Axing frontline jobs will cost lives, warns union

FIREFIGHTERS are warning people “will lose their lives” as a result of savage cuts to fire services across Yorkshire that will see at least 400 front-line jobs lost and more than a dozen fire stations close across the region.

With South Yorkshire Fire and Rescue poised to become the latest of the region’s fire authorities to agree deep cuts to front-line services when it holds a crucial meeting on Monday, union officials have told the Yorkshire Post there will be a “massive impact” on the safety of the public.

Leading union activists are now openly talking of the possibility of industrial action, raising the spectre of the 1977 and 2002 national fire strikes when Green Goddesses were called out onto the streets as firefighters fought for better pay and conditions.

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The scale of the current cost-cutting is without precedent in recent times, with all four of Yorkshire’s brigades bracing themselves to lose between a fifth and a quarter of their Government funding over the next four years. West Yorkshire expects to lose £18m; South Yorkshire £10m; North Yorkshire £4m and Humberside up to £8m.

Hilary Benn, the Shadow Communities Secretary and an MP in Leeds – where some of West Yorkshire’s most dramatic cuts will be felt – said the Government had made “no assessment of safety” when cutting fire service funding.

The Fire Brigade Union (FBU) is warning of severe consequences.

FBU regional secretary Ian Murray said: ”People will lose their lives. You cannot get rid of 400 front-line firefighters out of maybe 3,500 across Yorkshire without that having an impact in emergencies. It is absolutely unbelievable that they are doing this.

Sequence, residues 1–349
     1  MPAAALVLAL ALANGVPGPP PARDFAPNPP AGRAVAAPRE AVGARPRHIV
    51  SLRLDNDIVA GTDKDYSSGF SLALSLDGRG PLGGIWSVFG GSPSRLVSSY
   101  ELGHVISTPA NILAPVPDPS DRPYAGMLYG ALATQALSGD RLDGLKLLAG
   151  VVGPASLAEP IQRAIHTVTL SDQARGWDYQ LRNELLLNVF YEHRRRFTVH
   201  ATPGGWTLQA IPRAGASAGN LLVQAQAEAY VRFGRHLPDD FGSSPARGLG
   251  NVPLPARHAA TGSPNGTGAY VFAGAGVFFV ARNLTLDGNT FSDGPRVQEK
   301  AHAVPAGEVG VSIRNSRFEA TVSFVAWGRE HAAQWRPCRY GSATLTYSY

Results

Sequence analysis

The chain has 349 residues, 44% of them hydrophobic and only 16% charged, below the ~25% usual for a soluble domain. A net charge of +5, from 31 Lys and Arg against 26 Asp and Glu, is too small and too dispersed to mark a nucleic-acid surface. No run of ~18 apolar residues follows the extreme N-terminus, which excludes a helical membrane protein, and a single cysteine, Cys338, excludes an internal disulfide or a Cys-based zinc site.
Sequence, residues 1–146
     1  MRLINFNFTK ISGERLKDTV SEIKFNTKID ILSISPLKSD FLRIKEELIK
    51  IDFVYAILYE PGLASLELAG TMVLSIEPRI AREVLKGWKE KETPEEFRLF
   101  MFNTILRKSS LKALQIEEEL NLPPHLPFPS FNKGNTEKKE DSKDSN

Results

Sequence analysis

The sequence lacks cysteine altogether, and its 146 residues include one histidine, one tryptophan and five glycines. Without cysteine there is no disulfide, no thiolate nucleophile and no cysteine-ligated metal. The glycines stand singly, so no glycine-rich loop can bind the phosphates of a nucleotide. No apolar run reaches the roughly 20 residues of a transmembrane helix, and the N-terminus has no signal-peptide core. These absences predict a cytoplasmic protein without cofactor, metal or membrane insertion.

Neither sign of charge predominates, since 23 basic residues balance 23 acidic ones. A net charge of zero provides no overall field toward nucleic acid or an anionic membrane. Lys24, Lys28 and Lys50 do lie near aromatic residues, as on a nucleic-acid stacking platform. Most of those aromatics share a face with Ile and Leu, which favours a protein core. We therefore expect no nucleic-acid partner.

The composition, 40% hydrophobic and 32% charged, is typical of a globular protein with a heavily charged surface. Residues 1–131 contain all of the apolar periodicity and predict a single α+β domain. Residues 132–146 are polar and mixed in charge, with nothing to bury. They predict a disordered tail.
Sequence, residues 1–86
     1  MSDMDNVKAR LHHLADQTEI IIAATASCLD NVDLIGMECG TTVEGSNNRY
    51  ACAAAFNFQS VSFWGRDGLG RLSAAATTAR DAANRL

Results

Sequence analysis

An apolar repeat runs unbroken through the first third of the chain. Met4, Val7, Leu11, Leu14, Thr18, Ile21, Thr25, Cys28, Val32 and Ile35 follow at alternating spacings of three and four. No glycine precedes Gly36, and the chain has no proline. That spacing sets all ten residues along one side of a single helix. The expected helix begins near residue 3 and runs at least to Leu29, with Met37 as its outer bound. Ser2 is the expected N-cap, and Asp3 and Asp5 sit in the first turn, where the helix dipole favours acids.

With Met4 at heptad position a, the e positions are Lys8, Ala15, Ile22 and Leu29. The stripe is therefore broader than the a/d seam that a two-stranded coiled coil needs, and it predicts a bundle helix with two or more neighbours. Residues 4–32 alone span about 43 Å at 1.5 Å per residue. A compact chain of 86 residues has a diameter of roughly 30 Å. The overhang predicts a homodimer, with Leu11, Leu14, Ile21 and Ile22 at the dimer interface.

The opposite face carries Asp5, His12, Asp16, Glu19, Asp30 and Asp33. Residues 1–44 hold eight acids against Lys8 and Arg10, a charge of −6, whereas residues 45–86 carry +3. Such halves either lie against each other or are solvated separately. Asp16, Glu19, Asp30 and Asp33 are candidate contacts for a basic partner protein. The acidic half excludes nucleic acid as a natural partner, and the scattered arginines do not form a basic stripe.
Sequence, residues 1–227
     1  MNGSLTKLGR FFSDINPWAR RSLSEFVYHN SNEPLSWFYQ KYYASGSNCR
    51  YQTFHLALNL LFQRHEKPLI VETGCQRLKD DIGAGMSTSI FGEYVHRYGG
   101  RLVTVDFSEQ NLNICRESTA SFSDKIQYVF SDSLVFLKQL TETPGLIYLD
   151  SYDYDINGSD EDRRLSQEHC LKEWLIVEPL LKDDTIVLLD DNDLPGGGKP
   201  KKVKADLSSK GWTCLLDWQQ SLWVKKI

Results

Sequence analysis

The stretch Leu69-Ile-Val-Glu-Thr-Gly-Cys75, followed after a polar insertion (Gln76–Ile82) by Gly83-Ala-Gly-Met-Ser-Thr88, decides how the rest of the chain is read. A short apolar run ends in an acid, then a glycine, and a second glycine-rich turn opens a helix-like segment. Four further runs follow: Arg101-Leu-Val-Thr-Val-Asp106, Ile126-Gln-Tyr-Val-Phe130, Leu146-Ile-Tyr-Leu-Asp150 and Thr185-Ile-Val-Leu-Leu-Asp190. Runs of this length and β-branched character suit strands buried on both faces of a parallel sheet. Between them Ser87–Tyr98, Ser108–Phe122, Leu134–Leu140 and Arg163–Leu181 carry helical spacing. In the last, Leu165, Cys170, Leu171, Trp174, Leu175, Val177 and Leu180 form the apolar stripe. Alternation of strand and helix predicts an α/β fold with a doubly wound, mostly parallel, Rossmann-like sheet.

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“Since 2002, the number of front-line firefighters has gone down and down.

“We’ve come to the point now where there are no more cuts to be found – yet they’re still going ahead.”

The £40m-a-year which Yorkshire’s brigades expect to lose by 2015 contrasts starkly with the estimated £50m wasted by the previous Government on the defunct regional fire control centre in Wakefield, built in 2008 but still standing unused and empty after the Coalition scrapped the entire disastrous project.

Unions also point to money wasted at brigade level, highlighting the £2m South Yorkshire spent on four Combined Aerial Rescue Pump (CARP) vehicles in a bid to free up resources elsewhere. They have been beset with problems and have even burst into flames.

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Nonetheless, South Yorkshire says it has no choice but to press ahead with further efforts to save money, with its £60m-a-year budget to be cut by £10m.

On Monday, authority members will meet to discuss proposals to close four fire stations and replace them with two, cutting a further 70 firefighters’ jobs on top of 70 which have already gone.

Three fire engines which provide cover when staff are training will be ditched, and staff shift patterns will be shaken up dramatically so that crews ‘live’ in the station for days at a time to be on-call when their normal shifts end.

The brigade itself is open about the fact it has been forced into the proposed cut-backs by the removal of one-sixth of its budget.

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“We do not want to make these changes,” said Steve Chu, communications manager for South Yorkshire Fire and Rescue.

“We have already committed to cutting management and admin costs by 25 per cent – but that will only save a maximum of £3m. So we have to find a further £7m from somewhere else.

“As professional officers we have to make some recommendations based on the funds that are available to us. We are very happy to listen to any alternative ways people think we could save £10m from our budget. But if it is not these proposals, then it will have to be something else – the money is just not there.”

Comment: Page 14.